4. The consequences of sin remain long after the sin itself is forgiven. David's sojourn among the Philistines bore fruit after many days — fruit that was bitter to the taste. For David to ally himself with the Philistines could bring only pain and weakness. To-day the believer marries the worldling, the child of God takes into partnership the child of the world. Ziklag experiences are repeated all too surely around us. Prompted to the deed by personal jealousy or fear of losing his position, Abner sets up as king Ishbosheth, Saul's son (ver. 8). To this the western tribes agree; — their fear lest David's compact with Philistia be yet undissolved largely minister. —

(H. E. Stone.)

Abigail, Abishai, Abner, Ahinoam, Asahel, Asherites, Ashurites, Asshurites, Benjamin, Benjaminites, Benjamites, David, Gibeon, Ishbosheth, Jabesh, Jezreel, Jezreelitess, Jizreelitess, Joab, Nabal, Ner, Saul, Zeruiah
Ammah, Arabah, Bethlehem, Carmel, Giah, Gibeon, Gilead, Hebron, Helkath-hazzurim, Jabesh-gilead, Jezreel, Jordan River, Mahanaim
David, Followed, Forty, However, Ishbosheth, Ish-bosheth, Ish-bo'sheth, Judah, Reign, Reigned, Reigning, Ruler, Saul, Saul's
1. David, by God's direction, with his company goes up to Hebron
4. where he is made king of Judah
5. He commends them of Jabesh Gilead for their king of Israel
8. Abner makes Ishbosheth king of Israel
12. A mortal skirmish between twelve of Abner's and twelve of Joab's men.
18. Asahel is slain
25. At Abner's motion, Joab sounds a retreat
32. Asahel's burial

Dictionary of Bible Themes
2 Samuel 2:10

     5716   middle age
     5947   shame
     7233   Israel, northern kingdom

2 Samuel 2:8-11

     5087   David, reign of
     7266   tribes of Israel

2 Samuel 2:8-17

     5607   warfare, examples

The Bright Dawn of a Reign
'And it came to pass after this, that David enquired of the Lord, saying, Shall I go up into any of the cities of Judah? And the Lord said unto him, Go up. And David said, Whither shall I go up? And He said, Unto Hebron. 2. So David went up thither, and his two wives also, Ahinoam the Jezreelitess, and Abigail, Nabal's wife, the Carmelite. 3. And his men that were with him did David bring up, every man with his household: and they dwelt in the cities of Hebron. 4. And the men of Judah came, and there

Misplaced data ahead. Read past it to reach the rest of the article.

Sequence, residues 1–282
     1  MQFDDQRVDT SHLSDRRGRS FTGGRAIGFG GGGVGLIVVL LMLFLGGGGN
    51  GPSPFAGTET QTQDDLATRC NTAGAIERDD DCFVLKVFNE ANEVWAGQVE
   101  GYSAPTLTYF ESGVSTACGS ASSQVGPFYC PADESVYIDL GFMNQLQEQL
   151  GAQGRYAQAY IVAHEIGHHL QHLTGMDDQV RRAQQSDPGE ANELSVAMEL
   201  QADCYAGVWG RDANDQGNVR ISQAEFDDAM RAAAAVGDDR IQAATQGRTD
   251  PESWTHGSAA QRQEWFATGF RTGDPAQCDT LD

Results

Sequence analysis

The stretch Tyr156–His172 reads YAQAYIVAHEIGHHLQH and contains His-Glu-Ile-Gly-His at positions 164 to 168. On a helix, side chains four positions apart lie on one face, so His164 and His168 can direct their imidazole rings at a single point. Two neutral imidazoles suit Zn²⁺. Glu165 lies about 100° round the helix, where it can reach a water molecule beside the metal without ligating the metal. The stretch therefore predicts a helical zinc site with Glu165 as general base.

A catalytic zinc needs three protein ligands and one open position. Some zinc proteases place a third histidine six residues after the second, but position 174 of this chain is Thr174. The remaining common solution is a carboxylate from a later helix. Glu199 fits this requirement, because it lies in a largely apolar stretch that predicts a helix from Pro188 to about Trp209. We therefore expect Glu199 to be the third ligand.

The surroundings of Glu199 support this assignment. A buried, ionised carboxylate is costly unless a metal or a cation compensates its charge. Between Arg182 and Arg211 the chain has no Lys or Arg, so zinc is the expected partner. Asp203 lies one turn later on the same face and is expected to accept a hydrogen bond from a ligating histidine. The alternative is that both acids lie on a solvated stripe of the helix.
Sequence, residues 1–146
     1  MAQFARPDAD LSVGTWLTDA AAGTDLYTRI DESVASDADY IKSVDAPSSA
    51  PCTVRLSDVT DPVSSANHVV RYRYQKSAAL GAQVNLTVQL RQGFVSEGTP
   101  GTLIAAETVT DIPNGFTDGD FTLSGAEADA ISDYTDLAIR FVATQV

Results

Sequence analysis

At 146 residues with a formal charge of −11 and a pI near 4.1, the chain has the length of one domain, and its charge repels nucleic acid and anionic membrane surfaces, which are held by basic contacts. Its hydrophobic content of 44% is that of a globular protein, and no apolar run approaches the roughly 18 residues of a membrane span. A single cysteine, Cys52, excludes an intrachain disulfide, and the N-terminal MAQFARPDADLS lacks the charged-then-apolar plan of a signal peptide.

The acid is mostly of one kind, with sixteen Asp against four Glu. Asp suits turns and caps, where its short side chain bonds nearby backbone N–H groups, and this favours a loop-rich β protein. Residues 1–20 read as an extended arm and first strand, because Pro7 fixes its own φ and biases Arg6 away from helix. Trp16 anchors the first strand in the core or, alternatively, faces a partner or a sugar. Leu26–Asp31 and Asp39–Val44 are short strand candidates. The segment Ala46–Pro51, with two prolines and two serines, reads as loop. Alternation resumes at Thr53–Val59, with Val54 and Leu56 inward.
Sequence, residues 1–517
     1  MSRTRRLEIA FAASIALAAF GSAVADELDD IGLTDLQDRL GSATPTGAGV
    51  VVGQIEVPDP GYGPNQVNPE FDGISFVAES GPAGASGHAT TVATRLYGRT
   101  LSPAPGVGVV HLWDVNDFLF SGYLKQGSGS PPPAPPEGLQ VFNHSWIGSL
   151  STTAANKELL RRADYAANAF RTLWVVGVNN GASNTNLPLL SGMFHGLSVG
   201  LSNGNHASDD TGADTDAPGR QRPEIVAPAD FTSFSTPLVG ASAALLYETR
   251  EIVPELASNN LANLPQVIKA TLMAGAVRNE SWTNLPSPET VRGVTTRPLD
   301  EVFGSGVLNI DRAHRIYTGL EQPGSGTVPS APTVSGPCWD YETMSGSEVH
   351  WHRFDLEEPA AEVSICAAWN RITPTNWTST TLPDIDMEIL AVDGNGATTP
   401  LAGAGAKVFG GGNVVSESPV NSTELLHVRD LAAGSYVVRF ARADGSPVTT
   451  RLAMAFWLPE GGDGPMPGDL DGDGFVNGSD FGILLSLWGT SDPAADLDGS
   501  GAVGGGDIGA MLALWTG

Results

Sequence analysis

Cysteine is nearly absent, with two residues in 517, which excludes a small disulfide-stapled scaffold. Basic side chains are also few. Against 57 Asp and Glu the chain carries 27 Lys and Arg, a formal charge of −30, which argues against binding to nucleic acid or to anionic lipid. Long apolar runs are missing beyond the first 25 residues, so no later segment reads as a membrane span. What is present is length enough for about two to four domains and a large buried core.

Alexander Maclaren—Expositions of Holy Scripture

The King.
We have now to turn and see the sudden change of fortune which lifted the exile to a throne. The heavy cloud which had brooded so long over the doomed king broke in lightning crash on the disastrous field of Gilboa. Where is there a sadder and more solemn story of the fate of a soul which makes shipwreck "of faith and of a good conscience," than that awful page which tells how, godless, wretched, mad with despair and measureless pride, he flung himself on his bloody sword, and died a suicide's death,
Alexander Maclaren—The Life of David

This Affection the Martyrs of Christ Contending for the Truth did Overcome...
10. This affection the Martyrs of Christ contending for the truth did overcome: and it is no marvel that they despised that whereof they should, when death was overpast, have no feeling, when they could not by those tortures, which while alive they did feel, be overcome. God was able, no doubt, (even as He permitted not the lion when it had slain the Prophet, to touch his body further, and of a slayer made it to be a keeper): He was able, I say, to have kept the slain bodies of His own from the dogs
St. Augustine—On Care to Be Had for the Dead.

The First Chaldaean Empire and the Hyksos in Egypt
Syria: the part played by it in the ancient world--Babylon and the first Chaldaean empire--The dominion of the Hyksos: Ahmosis. Some countries seem destined from their origin to become the battle-fields of the contending nations which environ them. Into such regions, and to their cost, neighbouring peoples come from century to century to settle their quarrels and bring to an issue the questions of supremacy which disturb their little corner of the world. The nations around are eager for the possession
G. Maspero—History Of Egypt, Chaldaea, Syria, Babylonia, and Assyria, V 4

How the Meek and the Passionate are to be Admonished.
(Admonition 17.) Differently to be admonished are the meek and the passionate. For sometimes the meek, when they are in authority, suffer from the torpor of sloth, which is a kindred disposition, and as it were placed hard by. And for the most part from the laxity of too great gentleness they soften the force of strictness beyond need. But on the other hand the passionate, in that they are swept on into frenzy of mind by the impulse of anger, break up the calm of quietness, and so throw into
Leo the Great—Writings of Leo the Great

Alike from the literary and the historical point of view, the book[1] of Samuel stands midway between the book of Judges and the book of Kings. As we have already seen, the Deuteronomic book of Judges in all probability ran into Samuel and ended in ch. xii.; while the story of David, begun in Samuel, embraces the first two chapters of the first book of Kings. The book of Samuel is not very happily named, as much of it is devoted to Saul and the greater part to David; yet it is not altogether inappropriate,
John Edgar McFadyen—Introduction to the Old Testament